Roger J. Davis is a molecular biologist recognized for his studies of mechanisms that mediate stress responses that contribute to inflammation, cancer, and metabolic dysfunction. A focus of his work has been to understand the role of stress-activated signaling pathways in disease processes. Davis was born in the United Kingdom. He attended Cambridge University and graduated with a B.A. degree in Natural Sciences (1979) and a Ph.D. degree in Biochemistry (1983). He was subsequently a Research Fellow of Queens’ College at Cambridge University and then a Damon Runyon Cancer Research Foundation Fellow at the University of Massachusetts Medical School. Davis joined the faculty of the University of Massachusetts Medical School in 1985 and was appointed as an Investigator of the Howard Hughes Medical Institute in 1990. He is a fellow of the Royal Society and a member of the National Academy of Sciences.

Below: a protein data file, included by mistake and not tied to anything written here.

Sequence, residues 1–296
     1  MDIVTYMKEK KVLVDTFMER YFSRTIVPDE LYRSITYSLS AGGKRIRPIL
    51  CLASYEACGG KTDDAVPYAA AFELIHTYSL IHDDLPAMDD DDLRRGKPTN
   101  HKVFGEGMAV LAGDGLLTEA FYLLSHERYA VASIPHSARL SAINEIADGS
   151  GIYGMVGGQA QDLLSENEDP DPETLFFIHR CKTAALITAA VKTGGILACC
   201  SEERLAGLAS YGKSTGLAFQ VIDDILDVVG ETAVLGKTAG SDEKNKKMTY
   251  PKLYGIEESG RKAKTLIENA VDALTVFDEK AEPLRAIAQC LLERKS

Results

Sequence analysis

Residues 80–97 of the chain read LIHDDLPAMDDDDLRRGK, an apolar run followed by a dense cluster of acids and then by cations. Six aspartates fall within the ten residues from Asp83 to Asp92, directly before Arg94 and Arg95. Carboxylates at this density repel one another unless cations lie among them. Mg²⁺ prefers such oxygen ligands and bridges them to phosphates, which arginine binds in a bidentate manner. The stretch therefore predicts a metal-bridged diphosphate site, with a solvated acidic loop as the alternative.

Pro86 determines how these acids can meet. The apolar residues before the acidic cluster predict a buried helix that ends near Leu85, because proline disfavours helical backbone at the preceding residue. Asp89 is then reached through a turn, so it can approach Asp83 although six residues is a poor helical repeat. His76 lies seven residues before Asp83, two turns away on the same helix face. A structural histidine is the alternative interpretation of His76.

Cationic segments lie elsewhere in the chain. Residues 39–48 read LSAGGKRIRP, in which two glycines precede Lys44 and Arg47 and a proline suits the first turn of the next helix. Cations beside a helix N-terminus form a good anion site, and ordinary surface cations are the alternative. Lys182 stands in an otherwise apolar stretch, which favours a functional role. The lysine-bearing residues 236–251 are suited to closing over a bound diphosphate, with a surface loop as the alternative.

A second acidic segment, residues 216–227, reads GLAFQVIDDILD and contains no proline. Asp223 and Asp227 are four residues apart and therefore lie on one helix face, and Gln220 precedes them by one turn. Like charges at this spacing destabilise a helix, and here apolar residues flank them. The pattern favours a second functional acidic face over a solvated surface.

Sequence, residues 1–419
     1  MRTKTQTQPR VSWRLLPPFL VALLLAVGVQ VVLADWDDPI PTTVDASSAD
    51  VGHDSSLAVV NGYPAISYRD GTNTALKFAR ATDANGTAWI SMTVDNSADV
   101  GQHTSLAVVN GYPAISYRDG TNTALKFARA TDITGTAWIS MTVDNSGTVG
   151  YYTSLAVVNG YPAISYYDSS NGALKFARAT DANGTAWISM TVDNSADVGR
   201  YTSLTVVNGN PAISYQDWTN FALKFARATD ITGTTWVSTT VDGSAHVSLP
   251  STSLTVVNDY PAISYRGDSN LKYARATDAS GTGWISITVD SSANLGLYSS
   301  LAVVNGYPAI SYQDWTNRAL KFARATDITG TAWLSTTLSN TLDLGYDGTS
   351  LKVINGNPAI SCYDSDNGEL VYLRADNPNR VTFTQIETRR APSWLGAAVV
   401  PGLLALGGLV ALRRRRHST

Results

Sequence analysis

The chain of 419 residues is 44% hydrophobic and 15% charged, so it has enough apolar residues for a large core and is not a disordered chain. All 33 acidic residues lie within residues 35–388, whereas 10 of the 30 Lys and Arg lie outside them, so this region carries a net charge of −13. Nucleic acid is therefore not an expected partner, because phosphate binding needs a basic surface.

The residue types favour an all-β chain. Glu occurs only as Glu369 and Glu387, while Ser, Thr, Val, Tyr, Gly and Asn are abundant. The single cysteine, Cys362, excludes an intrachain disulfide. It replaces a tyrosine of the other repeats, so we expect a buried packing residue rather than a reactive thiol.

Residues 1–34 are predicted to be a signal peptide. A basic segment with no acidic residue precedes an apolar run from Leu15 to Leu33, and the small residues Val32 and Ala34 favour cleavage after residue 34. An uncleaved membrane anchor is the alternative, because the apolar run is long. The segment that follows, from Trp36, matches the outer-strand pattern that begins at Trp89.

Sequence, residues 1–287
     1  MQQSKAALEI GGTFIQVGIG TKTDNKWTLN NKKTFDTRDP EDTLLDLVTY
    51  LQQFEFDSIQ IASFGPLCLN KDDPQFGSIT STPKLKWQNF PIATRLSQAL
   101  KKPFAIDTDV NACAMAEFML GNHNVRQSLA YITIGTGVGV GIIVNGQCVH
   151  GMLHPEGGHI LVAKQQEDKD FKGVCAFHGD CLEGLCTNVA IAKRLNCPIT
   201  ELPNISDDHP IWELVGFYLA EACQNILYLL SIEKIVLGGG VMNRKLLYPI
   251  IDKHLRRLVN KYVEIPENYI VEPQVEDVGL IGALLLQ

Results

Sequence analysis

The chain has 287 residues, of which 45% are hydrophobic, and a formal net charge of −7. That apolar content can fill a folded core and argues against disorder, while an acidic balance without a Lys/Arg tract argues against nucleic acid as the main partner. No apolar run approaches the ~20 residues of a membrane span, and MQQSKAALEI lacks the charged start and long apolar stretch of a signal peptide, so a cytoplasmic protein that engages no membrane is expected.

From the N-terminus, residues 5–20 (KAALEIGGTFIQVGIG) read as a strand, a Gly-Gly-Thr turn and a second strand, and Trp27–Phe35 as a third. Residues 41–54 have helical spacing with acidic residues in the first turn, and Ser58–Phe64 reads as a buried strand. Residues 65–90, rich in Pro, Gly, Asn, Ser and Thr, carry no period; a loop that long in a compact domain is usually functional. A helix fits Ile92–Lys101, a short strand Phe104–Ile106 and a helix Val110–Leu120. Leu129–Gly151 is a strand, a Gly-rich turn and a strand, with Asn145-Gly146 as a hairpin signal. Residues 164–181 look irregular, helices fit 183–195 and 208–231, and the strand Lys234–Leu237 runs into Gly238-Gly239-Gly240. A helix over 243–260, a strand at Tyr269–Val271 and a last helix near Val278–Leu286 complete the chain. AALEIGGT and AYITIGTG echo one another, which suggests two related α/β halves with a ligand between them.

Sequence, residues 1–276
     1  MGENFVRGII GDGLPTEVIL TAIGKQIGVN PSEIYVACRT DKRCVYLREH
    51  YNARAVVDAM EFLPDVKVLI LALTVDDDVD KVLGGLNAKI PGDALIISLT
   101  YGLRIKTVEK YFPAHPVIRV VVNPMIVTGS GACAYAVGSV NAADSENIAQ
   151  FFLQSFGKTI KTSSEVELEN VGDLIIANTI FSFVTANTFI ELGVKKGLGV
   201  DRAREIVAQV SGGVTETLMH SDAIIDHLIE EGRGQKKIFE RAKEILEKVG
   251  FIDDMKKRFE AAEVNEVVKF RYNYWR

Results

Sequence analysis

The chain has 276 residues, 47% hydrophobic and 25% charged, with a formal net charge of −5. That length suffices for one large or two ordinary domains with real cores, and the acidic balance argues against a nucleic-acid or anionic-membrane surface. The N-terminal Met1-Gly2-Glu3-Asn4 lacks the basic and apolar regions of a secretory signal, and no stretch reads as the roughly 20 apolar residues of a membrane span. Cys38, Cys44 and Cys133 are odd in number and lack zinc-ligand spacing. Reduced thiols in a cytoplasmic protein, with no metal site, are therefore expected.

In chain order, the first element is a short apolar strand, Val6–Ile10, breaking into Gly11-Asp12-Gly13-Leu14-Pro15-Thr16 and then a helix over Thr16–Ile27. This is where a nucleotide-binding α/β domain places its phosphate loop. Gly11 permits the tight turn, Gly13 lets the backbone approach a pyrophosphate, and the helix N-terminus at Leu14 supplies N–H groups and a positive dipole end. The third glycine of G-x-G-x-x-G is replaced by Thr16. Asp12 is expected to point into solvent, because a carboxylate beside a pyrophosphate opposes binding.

Research Interests

Roger J. Davis is interested in signal transduction mechanisms that mediate the physiological response to stress. Biochemical studies of protein phosphorylation by the Davis laboratory led to the molecular cloning of the first human stress-activated MAP kinase, the cJun NH2-terminal kinase (JNK). Subsequent studies defined the molecular structure of the JNK pathway as a three-tiered kinase cascade that is activated by cytokines, growth factors, and environmental changes. JNK activation mediates, in part, the cellular response to these stimuli; for example, a program of gene expression controlled by AP1 transcription factors. JNK function is implicated in many disease processes, including inflammation, tissue degeneration, and aberrant tissue growth. This is exemplified by the contribution of JNK to metabolic stress responses that promote metabolic syndrome and the development of diabetes.

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Primary Section

Section 42: Medical Physiology and Metabolism

Secondary Section

Section 41: Medical Genetics, Hematology, and Oncology